The HBO Period Drama Perry Mason Finale “Chapter 8“ Wraps Without a “Perry Mason moment” But Has Great Moments including the Jazz Classic “Beyond the Blue Horizon”
The HBO period drama television series Perry Mason, based on the character of the same name created by Erle Stanley Gardner, premiered on June 21, 2020. The series was developed and written by Rolin Jones and Ron Fitzgerald and stars Matthew Rhys in the title role. HBO renewed the series for a second season.
The series focuses on the origin story of American Fiction’s most legendary criminal defense lawyer Perry Mason. In 1932, while the rest of the country recovers from the Great Depression, this Los Angeles is booming! Oil! Olympic Games! Talking Pictures! Evangelical Fervor! And a child kidnapping gone very, very wrong!
When the case of the decade breaks down his door, Mason’s relentless pursuit of the truth reveals a fractured city and just maybe, a pathway to redemption for himself. Down-and-out private investigator Perry Mason is struggling with his trauma from The Great War and being divorced. He is hired for a sensational child kidnapping trial and his investigation results in major consequences for Mason, those around him, and local leaders.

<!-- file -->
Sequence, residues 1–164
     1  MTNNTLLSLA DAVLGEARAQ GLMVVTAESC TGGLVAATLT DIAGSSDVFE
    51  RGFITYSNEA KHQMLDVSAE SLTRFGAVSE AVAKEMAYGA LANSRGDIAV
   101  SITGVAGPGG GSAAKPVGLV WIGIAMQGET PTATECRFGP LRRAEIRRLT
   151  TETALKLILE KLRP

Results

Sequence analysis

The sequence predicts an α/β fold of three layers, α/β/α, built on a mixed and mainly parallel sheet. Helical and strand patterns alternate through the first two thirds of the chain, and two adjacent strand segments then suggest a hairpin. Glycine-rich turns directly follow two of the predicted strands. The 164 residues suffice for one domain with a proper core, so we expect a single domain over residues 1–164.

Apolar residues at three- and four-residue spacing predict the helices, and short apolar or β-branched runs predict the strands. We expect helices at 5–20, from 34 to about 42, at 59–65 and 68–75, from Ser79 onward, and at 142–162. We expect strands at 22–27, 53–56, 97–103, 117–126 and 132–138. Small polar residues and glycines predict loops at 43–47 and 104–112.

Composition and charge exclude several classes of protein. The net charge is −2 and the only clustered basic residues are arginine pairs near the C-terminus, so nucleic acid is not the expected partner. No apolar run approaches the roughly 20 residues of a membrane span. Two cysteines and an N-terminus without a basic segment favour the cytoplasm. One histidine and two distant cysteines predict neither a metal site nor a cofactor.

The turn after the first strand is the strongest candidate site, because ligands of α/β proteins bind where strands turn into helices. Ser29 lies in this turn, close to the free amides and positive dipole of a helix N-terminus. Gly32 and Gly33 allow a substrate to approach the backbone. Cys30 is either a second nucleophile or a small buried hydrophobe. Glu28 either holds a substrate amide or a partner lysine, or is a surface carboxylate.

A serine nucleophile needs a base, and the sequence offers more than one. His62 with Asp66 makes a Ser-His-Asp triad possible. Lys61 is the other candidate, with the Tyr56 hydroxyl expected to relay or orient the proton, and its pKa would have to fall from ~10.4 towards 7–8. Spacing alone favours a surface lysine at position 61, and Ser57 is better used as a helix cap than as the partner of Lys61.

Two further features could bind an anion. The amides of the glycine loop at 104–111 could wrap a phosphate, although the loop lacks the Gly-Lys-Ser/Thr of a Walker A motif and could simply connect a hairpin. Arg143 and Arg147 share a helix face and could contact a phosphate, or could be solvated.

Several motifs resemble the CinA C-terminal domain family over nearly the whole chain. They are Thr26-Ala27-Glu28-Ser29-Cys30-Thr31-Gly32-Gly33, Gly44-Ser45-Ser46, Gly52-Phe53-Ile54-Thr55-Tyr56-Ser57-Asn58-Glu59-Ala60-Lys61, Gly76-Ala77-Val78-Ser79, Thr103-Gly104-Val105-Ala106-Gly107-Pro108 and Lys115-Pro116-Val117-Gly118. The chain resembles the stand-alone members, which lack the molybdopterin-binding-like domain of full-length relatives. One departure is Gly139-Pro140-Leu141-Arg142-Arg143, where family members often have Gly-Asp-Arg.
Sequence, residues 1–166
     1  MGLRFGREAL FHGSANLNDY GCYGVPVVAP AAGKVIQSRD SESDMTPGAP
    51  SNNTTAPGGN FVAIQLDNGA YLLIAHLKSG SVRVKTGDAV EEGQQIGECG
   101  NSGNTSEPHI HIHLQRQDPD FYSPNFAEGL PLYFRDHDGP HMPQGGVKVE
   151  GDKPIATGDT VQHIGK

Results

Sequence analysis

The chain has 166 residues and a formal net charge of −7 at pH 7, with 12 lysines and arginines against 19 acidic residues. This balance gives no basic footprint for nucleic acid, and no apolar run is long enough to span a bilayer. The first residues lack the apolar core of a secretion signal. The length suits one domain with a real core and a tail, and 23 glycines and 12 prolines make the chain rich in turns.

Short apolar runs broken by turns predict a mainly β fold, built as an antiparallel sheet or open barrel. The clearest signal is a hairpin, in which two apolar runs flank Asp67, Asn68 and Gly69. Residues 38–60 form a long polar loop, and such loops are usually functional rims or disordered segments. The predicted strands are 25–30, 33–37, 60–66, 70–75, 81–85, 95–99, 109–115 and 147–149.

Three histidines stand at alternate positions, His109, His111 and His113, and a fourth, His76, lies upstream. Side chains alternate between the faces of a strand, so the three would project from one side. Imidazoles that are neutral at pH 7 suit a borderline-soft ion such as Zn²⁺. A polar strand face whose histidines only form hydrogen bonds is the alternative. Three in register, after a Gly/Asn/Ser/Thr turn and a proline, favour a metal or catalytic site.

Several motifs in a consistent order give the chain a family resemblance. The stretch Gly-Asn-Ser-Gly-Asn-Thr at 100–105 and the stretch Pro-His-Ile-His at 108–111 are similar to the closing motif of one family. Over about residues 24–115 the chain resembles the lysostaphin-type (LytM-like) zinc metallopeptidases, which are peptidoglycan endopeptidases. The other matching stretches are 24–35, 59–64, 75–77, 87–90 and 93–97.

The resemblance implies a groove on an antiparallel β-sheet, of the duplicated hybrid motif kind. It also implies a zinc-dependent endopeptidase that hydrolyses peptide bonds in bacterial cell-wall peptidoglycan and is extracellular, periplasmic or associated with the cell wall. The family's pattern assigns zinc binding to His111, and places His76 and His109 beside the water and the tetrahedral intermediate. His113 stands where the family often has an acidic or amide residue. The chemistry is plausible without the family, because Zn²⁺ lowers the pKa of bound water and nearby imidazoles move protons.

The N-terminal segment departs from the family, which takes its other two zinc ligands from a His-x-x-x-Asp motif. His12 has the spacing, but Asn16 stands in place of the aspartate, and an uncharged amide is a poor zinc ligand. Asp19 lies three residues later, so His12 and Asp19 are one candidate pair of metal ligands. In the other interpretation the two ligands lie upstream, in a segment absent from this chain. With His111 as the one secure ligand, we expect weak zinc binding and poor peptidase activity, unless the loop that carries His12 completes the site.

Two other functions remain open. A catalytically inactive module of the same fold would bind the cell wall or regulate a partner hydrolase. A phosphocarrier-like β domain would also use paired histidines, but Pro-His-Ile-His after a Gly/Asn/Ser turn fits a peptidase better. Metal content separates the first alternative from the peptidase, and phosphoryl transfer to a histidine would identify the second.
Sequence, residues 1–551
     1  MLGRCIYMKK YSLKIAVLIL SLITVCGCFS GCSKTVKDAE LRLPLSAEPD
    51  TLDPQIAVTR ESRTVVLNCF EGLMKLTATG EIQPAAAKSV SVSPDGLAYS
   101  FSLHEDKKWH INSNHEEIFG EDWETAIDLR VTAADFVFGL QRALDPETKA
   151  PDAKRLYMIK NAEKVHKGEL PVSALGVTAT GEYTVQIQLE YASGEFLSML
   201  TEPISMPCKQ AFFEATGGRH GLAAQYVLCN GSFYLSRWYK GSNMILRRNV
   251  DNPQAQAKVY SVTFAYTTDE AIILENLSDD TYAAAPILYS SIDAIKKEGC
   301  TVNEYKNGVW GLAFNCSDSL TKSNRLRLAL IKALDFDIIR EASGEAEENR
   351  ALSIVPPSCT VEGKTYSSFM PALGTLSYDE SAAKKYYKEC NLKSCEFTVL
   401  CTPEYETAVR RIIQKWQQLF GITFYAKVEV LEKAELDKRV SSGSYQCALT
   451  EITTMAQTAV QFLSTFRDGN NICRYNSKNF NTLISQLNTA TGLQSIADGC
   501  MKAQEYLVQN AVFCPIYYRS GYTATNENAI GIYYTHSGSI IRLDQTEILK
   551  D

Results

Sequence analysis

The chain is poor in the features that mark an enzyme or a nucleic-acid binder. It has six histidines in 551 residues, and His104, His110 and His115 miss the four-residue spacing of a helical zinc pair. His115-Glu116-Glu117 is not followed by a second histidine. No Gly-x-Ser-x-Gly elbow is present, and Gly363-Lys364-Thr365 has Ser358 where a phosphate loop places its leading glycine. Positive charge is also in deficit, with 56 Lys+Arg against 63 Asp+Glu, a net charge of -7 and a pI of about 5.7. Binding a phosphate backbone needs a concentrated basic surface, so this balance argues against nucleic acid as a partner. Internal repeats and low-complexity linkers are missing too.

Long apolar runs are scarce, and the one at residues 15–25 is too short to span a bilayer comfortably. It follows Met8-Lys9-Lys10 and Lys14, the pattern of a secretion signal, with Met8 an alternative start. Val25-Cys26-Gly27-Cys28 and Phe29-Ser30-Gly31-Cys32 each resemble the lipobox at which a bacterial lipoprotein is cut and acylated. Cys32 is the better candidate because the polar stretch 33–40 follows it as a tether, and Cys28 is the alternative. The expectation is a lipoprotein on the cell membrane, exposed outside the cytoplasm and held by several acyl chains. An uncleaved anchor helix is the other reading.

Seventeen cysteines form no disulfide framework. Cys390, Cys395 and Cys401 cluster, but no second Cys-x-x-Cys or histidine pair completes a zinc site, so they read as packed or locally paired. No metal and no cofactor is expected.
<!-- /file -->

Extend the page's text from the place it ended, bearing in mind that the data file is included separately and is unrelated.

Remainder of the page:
In the finale episode, “Chapter 8,“ we never quite get that famed “Perry Mason moment.” Getting culprits to confess on the stand was a staple of the original Perry Mason, and we suspect many were expecting it to happen here but it didn’t. Perry’s big win in court is being held back for now. What we did get was a great moment to hear the jazz classic “Beyond the Blue Horizon,” composed by Richard A. Whiting and W. Franke Harling with lyrics by Leo Robin.
The show had great ratings and received critical claim. Ben Travers of IndieWire gave the finale episode, “Chapter 8,“ a grade of A- and said, “All in all, the finale clearly illustrated why incorporating the “Perry Mason” moment just didn’t fit for this case. Perry didn’t need it to win, and the show didn’t need it to win over viewers. Bring on Season 2.” Ben Travers of IndieWire said that season one is “built with confidence, patience, and a voice calibrated for today’s audiences” and gave it a “B+”